AI could also be beneficial for the teaching of children who have developmental and behavioral disabilities, such as Down syndrome. In much the same way AI could be used to teach children who are falling behind, AI could help those who are mentally disabled. Despite the difficulty in learning that many of the mentally disabled experience, AI could be used to help them. AI could adapt to the unique learning situation of children with these conditions and teach them accordingly. This AI would be capable of not only teaching these children information but it will be fully capable of preparing these children to be a part of society and learn how to interact with others. It would also be useful for helping adults with these disabilities. An AI could prepare a daily schedule for these patients, arrange doctor appointments, remind patients to go to the store for groceries, prompt them to go to work, help them with whatever they might require, and even encourage them if need be.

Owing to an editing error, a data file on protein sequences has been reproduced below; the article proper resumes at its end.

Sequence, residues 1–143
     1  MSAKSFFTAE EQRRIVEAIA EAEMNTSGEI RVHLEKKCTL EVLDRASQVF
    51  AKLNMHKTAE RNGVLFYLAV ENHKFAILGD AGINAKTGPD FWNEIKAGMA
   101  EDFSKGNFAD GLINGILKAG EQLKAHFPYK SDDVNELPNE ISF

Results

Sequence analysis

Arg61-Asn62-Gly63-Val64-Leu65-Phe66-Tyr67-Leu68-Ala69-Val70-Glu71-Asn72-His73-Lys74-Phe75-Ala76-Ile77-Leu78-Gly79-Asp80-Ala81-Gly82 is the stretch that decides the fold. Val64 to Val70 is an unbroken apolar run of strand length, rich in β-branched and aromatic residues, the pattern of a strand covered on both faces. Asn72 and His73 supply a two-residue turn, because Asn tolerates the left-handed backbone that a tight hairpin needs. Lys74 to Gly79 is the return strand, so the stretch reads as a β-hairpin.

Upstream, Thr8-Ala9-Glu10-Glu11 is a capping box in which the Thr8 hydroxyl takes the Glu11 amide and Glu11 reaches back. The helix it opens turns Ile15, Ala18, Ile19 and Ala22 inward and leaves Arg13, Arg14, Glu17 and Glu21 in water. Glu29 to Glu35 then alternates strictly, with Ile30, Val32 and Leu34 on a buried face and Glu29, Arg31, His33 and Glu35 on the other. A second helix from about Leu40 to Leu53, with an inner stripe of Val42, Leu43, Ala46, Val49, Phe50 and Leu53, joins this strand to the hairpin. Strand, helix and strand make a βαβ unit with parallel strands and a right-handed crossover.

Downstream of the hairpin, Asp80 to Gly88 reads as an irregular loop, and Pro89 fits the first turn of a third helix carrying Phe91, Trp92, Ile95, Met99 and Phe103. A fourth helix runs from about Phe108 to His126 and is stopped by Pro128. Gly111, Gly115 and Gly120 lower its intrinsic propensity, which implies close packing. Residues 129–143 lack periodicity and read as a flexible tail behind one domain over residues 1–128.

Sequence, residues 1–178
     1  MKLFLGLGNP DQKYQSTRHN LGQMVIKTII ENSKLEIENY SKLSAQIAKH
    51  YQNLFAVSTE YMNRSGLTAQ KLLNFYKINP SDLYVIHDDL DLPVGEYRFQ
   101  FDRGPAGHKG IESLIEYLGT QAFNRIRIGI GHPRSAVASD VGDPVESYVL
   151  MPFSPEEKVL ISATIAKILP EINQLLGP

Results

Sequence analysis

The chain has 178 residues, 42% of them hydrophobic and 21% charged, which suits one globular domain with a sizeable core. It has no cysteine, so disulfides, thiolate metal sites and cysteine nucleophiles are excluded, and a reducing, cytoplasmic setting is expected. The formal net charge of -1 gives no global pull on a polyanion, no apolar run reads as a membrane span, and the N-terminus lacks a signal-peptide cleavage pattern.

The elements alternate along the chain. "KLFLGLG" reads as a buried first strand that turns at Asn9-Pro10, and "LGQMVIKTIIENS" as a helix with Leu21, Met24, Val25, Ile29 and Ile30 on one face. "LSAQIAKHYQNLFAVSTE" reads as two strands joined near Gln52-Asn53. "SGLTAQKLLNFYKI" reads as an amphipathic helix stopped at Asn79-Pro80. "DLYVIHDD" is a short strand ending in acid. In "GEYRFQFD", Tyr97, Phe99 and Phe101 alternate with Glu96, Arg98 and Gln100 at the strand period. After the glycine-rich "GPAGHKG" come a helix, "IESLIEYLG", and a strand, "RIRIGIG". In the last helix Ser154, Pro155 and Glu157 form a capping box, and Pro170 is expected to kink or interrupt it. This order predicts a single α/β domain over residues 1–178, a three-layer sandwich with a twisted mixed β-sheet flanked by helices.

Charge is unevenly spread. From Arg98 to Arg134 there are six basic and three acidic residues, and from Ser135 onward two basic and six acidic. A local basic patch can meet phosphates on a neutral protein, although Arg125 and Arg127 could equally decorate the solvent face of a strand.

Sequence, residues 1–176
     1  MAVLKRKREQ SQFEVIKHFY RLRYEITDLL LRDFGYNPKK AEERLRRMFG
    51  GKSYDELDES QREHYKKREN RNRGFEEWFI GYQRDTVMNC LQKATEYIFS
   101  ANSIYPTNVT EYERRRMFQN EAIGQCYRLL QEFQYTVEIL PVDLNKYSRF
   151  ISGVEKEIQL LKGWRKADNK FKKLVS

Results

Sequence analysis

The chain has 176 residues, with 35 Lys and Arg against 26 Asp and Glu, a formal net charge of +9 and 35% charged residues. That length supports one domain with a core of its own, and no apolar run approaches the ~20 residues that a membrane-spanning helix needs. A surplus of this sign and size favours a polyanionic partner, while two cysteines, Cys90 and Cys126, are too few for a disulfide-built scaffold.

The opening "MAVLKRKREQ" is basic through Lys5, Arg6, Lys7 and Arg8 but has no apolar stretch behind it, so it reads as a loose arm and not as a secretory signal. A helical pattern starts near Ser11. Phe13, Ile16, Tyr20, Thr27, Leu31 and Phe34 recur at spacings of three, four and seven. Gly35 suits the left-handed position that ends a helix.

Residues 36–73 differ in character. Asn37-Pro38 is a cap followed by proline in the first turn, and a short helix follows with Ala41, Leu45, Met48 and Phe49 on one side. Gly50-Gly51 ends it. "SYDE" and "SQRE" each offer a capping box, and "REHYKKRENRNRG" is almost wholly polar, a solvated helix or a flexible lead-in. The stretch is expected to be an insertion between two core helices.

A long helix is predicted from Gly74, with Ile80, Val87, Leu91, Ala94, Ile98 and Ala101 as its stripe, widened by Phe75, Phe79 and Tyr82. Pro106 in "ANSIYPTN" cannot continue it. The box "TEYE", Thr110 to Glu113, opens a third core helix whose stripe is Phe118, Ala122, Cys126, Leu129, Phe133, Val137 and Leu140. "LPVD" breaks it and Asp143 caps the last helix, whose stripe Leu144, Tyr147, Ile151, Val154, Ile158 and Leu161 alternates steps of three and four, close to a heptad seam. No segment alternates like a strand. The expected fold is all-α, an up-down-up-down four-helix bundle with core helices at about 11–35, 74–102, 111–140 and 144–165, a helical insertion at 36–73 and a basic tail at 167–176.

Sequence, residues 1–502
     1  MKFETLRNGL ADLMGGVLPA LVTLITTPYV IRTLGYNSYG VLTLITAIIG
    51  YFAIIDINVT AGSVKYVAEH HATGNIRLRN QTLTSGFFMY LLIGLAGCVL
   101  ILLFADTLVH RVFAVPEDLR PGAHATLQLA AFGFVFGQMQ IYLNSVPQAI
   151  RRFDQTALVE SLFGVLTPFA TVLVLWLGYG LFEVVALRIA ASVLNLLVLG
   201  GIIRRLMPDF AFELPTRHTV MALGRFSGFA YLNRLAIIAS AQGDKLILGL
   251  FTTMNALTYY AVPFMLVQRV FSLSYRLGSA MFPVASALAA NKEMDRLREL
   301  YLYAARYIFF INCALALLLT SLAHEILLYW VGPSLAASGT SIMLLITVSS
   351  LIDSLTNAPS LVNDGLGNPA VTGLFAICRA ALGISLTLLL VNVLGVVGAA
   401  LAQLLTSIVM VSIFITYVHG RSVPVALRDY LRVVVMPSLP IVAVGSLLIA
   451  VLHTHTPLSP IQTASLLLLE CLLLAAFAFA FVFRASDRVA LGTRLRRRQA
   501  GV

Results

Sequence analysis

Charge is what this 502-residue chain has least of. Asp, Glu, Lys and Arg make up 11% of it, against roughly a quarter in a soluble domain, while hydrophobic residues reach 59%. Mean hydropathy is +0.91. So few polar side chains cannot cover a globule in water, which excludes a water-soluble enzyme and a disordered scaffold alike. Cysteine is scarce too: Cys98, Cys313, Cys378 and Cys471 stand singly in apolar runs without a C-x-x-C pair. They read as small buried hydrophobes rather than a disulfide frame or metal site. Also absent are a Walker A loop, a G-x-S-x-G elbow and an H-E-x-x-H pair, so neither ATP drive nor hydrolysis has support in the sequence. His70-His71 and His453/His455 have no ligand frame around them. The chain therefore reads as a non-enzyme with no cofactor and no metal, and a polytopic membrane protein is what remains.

Those with physical disabilities and other limitations, such as myself, could benefit from AI. Navigating a computer would be a lot easier with the assistance of an AI. With extremely limited use of my fingers, I cannot use a keyboard; even a mouse is cumbersome, and setting me up to use one can be frustrating for me and a caregiver. Instead of needing a mouse or other input devices to navigate a computer, I could have an AI do it. I could tell the AI what to do, and it would know how to do whatever I said and access the required software or information without me touching a single button. I already utilize speech-to-text software such as Dragon, which has many of the capabilities of doing what I described above, but they are somewhat limited. Apart from typing what I say, I can tell it what to do using voice commands, which can be hard to memorize, and the program has significant difficulty understanding me. When I often say voice commands, nothing happens because the program can’t understand me or does the wrong thing. I’ve had many online games with a friend disrupted by a sudden and utterly unexpected closure of whatever I play. The same also happens with things I’m working on. I’ve had the program misunderstand a command or something I said for it to type, and, frustratingly, it will inexplicably delete what I was typing in an email I was nearly finished with, forcing me to waste even more time as I redo it. Sometimes, this even causes me to change my wording, which was probably better on the original, because I can’t remember how I phrased it. But AI could resolve this issue by adapting to my unique voice pattern, thereby preventing practically every mistake caused by misunderstanding my words and increasing my efficiency with what I wanted to type. I could also talk to an AI to resolve issues with a story I’m writing and to identify any continuity or logic errors. It could also offer me potential solutions. If you write, it would be like having your own personal editor.